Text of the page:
Lately there has been a lot of discussion in the security industry about the added value of having an executive protection program. Elements of efficiency and productivity improvement are regularly tied to metrics where we can show this added value. But perhaps we need to remember that one significant feature of a true executive security program is the ability to provide a filter for the executive, to create a firewall of sorts.
I don’t believe that anyone in the IT field would argue that a firewall isn’t absolutely essential to a comprehensive cyber security platform. After all, it provides a barrier from threats coming in to the network. Similarly, a comprehensive executive protection program should provide a wall. Acting in unison with the Executive Assistant, the executive protection professional recognizes which meetings on the principle’s calendar may occur with persons not well known. Our mission, as executive protection professionals, is to prevent harm which includes damage to an individual’s reputation and brand. Certainly, with meetings set up at the last minute, this can be difficult, however with the appropriate support, the protection program can provide just-in-time intelligence to inform the principle of who they are meeting with.
As I look at the security industry globally, not only do I see different approaches to how close protection and crisis response are addressed, I also see distinct approaches between operators and intelligence professionals when providing protection. Traditional operators may emphasize planning and layering of protective elements to accomplish their objective. Yet, their peers from the intelligence community may attribute greater value in intelligence and may prefer to use information (or misinformation) to their advantage.
For the larger executive security companies, the behind-the-scenes Global Security Operations Center (GSOC) can provide this real-time intelligence support. For the solo operator, they need to be savvy when it comes to internet research and investigations. Providing the principle with briefings on persons of interest equips him/her with the intelligence they need to have the upper hand. It also allows them to decide if someone presents a risk to their character.
We have seen this scenario repeat itself time and again in global business. A politician meets with a potential donor only to find out they have a tattered history, or an executive travels internationally to join a meeting and they intrude upon local customs without intending to. These incidents and many others have humiliated world and business leaders alike. In some cases, they resulted in resignations or loss of shareholder value. There is a myriad of reasons why someone would want access to your principle, such as:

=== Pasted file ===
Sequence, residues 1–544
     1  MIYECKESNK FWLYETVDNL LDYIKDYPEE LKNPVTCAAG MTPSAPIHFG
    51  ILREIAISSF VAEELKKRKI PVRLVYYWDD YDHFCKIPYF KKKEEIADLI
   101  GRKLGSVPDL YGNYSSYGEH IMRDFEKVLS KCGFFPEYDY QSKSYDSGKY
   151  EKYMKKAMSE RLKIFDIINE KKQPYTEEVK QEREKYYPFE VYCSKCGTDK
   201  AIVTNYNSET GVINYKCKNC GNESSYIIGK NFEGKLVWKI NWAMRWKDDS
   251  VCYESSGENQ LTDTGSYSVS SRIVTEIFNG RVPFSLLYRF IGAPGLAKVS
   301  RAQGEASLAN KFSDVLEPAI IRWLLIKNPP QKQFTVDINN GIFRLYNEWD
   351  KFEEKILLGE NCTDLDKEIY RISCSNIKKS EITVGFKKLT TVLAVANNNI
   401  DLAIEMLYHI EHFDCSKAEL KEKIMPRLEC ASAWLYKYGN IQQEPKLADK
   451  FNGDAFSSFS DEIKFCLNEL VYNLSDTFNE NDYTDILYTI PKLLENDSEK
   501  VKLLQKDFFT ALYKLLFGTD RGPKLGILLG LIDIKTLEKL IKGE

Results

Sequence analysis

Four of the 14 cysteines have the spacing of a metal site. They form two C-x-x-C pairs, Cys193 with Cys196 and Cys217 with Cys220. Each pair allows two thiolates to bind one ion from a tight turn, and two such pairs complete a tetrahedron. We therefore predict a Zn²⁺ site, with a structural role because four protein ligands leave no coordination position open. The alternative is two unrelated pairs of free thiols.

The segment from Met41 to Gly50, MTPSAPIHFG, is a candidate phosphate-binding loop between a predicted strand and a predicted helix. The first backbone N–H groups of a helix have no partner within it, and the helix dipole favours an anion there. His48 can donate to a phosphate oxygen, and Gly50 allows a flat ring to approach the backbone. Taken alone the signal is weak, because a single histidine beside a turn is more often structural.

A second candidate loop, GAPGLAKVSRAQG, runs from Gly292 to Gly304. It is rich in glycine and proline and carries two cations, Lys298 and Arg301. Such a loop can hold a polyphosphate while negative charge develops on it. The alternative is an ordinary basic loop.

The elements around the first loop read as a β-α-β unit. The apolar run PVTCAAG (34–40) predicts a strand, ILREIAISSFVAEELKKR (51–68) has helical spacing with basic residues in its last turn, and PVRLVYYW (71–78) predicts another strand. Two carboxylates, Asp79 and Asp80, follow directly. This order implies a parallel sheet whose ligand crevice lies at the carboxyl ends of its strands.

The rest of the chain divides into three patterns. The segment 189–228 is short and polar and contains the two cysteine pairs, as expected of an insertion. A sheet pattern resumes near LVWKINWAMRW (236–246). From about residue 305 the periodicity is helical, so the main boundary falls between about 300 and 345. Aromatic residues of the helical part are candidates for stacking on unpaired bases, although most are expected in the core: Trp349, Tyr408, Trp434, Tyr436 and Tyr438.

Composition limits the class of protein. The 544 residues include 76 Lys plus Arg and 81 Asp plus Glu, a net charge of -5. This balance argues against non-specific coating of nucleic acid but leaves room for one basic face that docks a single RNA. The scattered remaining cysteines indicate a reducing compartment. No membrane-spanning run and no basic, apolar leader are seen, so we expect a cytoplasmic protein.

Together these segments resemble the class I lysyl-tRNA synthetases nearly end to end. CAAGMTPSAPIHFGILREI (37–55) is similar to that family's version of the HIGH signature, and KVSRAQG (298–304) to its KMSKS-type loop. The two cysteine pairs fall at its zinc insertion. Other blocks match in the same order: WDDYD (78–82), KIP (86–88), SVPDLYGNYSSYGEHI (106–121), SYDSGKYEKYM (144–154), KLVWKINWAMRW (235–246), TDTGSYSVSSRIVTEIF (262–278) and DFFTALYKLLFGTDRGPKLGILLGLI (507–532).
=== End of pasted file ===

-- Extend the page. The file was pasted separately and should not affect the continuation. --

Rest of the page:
- Legitimate business purposes
- Attention seeking behavior
- Psychopathic behavior without violent intentions
- Fraudulent or criminal interests
- Obsessive addictive disorder
- And more
While the principle is going to meet with who they want to meet with, it may prove very valuable for you to understand the individual’s intentions for gaining access to them. To get there we need to become better students of human behavior and understand the variables that drive people to approach a protected individual. Much of the research conducted to date focuses on persons that have committed or attempted to commit an act of violence against a protected person. Few studies have been conducted relative to abnormal approaches that do not include acts of violence but may lead to future unwanted and potentially violent behaviors. In “Approaching and Attacking Public Figures: A Contemporary Analysis of Communications and Behavior”, Dr. Reid Meloy points out that pathological fixations can become dangerous. He further explains that they may result in “deterioration of the subject’s intimate, social and occupational life”. This study also noted the significance of “multiple communications and/or contacts with other targets”. Through your efforts, as a personal protection specialist, to “filter” abnormal approaches, these persons may become evident. Existence of unusual pursuits with other high-profile people may become evident along with signs of a pathological fixation.
As security professionals, we must evolve beyond the classic bodyguard image and deploy best-in-class protection for our principles. While many areas of evolution are essential to elevate the practice, we shouldn’t forget about the basics that make us protection specialists.
Chuck Tobin is the Founder and President of AT-RISK International, a leading provider of close protection services. He has more than 29 years of experience serving political leaders, executives and corporations in a variety of global environments which have contributed to his long-standing expertise in personal protection services. He also serves as the President of the Association of Threat Assessment Professionals (ATAP).